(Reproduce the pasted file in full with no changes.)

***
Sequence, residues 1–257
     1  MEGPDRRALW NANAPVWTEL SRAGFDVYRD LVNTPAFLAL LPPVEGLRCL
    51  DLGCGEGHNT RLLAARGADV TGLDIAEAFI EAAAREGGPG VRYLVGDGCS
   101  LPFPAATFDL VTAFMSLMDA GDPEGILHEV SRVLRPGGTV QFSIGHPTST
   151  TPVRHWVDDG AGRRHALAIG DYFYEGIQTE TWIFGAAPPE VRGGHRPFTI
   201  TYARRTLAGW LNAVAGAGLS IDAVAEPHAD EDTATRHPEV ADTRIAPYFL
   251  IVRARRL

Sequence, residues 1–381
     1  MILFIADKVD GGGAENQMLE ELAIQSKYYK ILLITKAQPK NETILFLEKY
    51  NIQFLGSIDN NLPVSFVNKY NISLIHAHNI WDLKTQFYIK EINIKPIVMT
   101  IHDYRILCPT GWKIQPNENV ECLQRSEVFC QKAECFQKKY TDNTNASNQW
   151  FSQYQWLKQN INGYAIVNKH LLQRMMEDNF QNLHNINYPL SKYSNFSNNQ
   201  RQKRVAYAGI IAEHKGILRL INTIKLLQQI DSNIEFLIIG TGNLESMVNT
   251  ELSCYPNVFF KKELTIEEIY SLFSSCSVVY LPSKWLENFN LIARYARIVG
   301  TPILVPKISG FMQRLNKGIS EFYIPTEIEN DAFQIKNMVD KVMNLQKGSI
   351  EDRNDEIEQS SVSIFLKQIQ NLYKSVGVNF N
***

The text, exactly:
Sequence, residues 1–257
     1  MEGPDRRALW NANAPVWTEL SRAGFDVYRD LVNTPAFLAL LPPVEGLRCL
    51  DLGCGEGHNT RLLAARGADV TGLDIAEAFI EAAAREGGPG VRYLVGDGCS
   101  LPFPAATFDL VTAFMSLMDA GDPEGILHEV SRVLRPGGTV QFSIGHPTST
   151  TPVRHWVDDG AGRRHALAIG DYFYEGIQTE TWIFGAAPPE VRGGHRPFTI
   201  TYARRTLAGW LNAVAGAGLS IDAVAEPHAD EDTATRHPEV ADTRIAPYFL
   251  IVRARRL

Sequence, residues 1–381
     1  MILFIADKVD GGGAENQMLE ELAIQSKYYK ILLITKAQPK NETILFLEKY
    51  NIQFLGSIDN NLPVSFVNKY NISLIHAHNI WDLKTQFYIK EINIKPIVMT
   101  IHDYRILCPT GWKIQPNENV ECLQRSEVFC QKAECFQKKY TDNTNASNQW
   151  FSQYQWLKQN INGYAIVNKH LLQRMMEDNF QNLHNINYPL SKYSNFSNNQ
   201  RQKRVAYAGI IAEHKGILRL INTIKLLQQI DSNIEFLIIG TGNLESMVNT
   251  ELSCYPNVFF KKELTIEEIY SLFSSCSVVY LPSKWLENFN LIARYARIVG
   301  TPILVPKISG FMQRLNKGIS EFYIPTEIEN DAFQIKNMVD KVMNLQKGSI
   351  EDRNDEIEQS SVSIFLKQIQ NLYKSVGVNF N